WORKING ON ARGO: I was sort of the baby on set in that movie. It was my first huge movie and most everyone around me was a seasoned vet. I felt so respected and present in that process. It was such an incredible group of people. Everyone there was so egoless that I got a little bit spoiled by that experience. Having that energy on set makes such a big difference. Since then, I have worked with some people who have more diva behavior and it can really crush the vibe. I’m not talking about Katherine Heigl, by the way—she’s really sweet.
MEETING LILY: A mutual friend had referred me to do a reading of a different feature script that she’d written. I was out of the country at the time, so I couldn’t do the reading, but I read the script and I loved it, so I wanted to meet her anyways. We met in a coffee shop in Westwood, and right away I was taken by her energy and enthusiasm and her balls. One of the first things I noticed about her was that she was pretty relentless about the kind of films she wanted to make. I think to be an auteur, you have to have some serious balls in this business.
A GIRL WALKS HOME ALONE AT NIGHT: [At that point] I’d done a few short films with Lily, so we knew each other’s vibe. She decided that she wanted to turn this short film of hers into a feature and said, “I want you to be the vampire.” I love her style and her vision, so I was onboard right away. [My character] is also a cowboy, which is something that I had in mind. She’s a vampire, an old lady, and a cowboy, which is a really interesting mix of things to put together.
THE RIGHT KIND OF VAMPIRE: Since playing a vampire, I really love them. I think that they’re complex creatures. I love Let the Right One In (2008), and I feel like we’re in that same genre of vampires. I love the idea of a vampire living in a world that’s not full of vampires. I’m fascinated by the outsider, and a vampire is somebody who is by nature a misfit. Only Lovers Left Alive (2013) came out after we were done shooting, but I also really love that movie. I like the modern-day twist on the age-old story.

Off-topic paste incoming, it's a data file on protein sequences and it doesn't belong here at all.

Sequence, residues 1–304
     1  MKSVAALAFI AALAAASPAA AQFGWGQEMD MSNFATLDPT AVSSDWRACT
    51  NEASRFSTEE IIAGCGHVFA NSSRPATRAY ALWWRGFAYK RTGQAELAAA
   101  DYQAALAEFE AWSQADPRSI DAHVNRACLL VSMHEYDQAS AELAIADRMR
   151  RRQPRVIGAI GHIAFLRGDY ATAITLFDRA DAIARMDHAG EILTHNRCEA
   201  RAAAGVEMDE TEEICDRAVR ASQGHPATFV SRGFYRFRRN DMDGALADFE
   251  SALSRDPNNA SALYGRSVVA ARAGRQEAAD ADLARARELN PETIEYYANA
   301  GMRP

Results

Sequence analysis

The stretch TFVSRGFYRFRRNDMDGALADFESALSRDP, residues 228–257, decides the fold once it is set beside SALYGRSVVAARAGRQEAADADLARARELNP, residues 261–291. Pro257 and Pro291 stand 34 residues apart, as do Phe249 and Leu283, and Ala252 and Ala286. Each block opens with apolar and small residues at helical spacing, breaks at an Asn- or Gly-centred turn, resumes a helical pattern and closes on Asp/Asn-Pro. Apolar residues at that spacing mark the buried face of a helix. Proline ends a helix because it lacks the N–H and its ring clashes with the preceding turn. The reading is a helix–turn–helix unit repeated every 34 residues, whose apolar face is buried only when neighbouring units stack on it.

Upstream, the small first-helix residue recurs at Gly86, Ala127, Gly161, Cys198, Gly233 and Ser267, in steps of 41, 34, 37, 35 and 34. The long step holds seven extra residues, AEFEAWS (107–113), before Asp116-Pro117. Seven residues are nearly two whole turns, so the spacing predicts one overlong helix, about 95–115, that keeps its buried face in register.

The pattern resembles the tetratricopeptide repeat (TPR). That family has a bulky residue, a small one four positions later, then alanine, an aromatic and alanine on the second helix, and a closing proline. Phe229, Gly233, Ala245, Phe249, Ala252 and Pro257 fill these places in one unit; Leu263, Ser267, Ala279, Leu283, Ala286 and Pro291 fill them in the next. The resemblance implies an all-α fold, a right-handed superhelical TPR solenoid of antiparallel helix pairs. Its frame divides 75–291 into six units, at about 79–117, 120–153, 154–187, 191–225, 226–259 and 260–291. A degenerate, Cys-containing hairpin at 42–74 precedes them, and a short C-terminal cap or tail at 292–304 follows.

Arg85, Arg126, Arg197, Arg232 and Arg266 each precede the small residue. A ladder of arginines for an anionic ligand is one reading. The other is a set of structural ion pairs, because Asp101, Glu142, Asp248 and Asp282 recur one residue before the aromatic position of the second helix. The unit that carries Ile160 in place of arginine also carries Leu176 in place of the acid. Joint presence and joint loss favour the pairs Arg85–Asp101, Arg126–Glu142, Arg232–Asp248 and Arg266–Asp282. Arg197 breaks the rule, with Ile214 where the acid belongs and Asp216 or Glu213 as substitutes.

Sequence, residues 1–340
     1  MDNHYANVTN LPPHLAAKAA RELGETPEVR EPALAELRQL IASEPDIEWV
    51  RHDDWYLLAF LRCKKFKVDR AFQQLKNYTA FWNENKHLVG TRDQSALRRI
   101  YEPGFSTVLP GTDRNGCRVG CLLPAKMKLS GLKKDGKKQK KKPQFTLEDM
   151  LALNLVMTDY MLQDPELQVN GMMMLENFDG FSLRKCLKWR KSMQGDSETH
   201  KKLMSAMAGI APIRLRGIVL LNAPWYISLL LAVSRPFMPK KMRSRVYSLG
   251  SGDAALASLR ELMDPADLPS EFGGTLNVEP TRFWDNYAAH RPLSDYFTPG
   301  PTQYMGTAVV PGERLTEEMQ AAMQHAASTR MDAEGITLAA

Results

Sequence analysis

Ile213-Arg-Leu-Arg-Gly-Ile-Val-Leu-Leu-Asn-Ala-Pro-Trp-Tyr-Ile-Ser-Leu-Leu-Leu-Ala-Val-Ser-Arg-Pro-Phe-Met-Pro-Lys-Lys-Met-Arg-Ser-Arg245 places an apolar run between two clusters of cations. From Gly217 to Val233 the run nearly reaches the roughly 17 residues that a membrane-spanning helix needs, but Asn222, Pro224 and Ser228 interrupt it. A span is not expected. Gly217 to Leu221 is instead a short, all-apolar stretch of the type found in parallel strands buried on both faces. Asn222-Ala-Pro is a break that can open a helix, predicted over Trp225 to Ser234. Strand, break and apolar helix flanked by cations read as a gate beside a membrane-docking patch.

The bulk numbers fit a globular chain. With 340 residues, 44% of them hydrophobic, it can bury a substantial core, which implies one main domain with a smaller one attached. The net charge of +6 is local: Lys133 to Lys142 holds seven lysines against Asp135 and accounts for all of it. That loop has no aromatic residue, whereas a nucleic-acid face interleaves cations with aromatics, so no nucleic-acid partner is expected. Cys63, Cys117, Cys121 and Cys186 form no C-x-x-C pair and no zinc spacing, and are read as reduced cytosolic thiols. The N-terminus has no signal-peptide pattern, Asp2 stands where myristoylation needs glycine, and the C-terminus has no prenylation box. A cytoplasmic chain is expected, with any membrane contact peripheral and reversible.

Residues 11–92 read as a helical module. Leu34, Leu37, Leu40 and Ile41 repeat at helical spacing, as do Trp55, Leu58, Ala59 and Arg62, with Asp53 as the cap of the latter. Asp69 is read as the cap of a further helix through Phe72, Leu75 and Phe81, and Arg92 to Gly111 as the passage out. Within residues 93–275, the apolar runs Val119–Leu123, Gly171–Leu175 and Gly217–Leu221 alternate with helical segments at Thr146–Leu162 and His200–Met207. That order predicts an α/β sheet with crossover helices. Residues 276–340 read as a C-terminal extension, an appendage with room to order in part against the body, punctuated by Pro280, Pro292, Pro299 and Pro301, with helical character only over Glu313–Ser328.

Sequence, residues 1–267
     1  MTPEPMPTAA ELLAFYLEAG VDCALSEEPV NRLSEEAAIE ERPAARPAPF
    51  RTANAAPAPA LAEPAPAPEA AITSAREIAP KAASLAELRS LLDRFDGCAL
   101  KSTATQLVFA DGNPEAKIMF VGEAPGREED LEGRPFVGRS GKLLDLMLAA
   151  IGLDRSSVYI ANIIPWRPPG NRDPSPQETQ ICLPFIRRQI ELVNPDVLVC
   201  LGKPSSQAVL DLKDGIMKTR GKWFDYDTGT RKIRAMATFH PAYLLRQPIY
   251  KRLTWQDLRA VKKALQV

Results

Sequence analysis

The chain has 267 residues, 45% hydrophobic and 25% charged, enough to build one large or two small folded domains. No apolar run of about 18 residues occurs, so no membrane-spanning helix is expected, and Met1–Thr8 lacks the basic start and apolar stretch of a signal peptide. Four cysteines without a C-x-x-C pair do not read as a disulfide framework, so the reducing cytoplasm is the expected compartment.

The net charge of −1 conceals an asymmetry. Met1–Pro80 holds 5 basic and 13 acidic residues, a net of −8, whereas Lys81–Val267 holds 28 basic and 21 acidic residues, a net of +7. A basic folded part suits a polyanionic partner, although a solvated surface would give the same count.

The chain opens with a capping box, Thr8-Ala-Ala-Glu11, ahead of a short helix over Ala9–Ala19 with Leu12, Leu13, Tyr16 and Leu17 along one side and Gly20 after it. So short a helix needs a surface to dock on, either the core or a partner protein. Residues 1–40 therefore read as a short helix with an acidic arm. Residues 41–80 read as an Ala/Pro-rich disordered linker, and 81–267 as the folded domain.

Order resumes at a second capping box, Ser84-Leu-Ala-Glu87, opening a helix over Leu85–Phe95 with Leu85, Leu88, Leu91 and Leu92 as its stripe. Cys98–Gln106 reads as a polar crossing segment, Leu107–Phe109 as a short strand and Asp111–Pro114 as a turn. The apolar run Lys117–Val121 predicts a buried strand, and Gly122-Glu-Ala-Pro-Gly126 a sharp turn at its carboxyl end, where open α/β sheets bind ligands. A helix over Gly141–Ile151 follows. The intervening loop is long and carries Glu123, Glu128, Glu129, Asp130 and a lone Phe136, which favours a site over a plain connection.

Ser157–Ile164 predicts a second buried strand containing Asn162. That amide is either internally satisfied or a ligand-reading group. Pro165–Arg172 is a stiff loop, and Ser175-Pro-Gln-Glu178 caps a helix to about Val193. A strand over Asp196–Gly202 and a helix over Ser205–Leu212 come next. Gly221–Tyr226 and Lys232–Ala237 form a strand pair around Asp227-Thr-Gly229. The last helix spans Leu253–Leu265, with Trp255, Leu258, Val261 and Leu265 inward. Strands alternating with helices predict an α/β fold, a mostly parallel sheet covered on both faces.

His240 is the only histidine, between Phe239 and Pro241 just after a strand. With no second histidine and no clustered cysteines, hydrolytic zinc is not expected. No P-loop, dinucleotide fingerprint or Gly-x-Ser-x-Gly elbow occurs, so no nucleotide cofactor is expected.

ART VS. ACTING: I started making my own artwork because I had a lot of downtime as an actor starting out. In the last couple of years as things have picked up acting-wise, I haven’t been able to make as much of my own stuff. I’ve really realized what a void it creates. They work two different sets of muscles for me. I’m a real critical thinker, and I’m a lot more intellectually stimulated by making art because it’s all your creation—it comes from a deep place inside of your imagination. Acting is really about servicing somebody else’s vision. But, when I’m acting, I feel like I get something that is a lot more intuitive and primitive then what art gives me. My art exercises my mind and my acting exercises my body.
VISITING IRAN: I really want to go. It’s a tricky place, as everyone knows. Between Argo and A Girl Walks Home Alone at Night and even my own performance art, I’ve done some pretty controversial work that I’m not sure the government would approve of. It’s a really strange thing to think that there’s somewhere in the world that you’re not allowed to go to.
A GIRL WALKS HOME ALONE AT NIGHT IS CURRENTLY PLAYING AT SELECT THEATERS. STATE OF AFFAIRS AIRS MONDAYS ON NBC.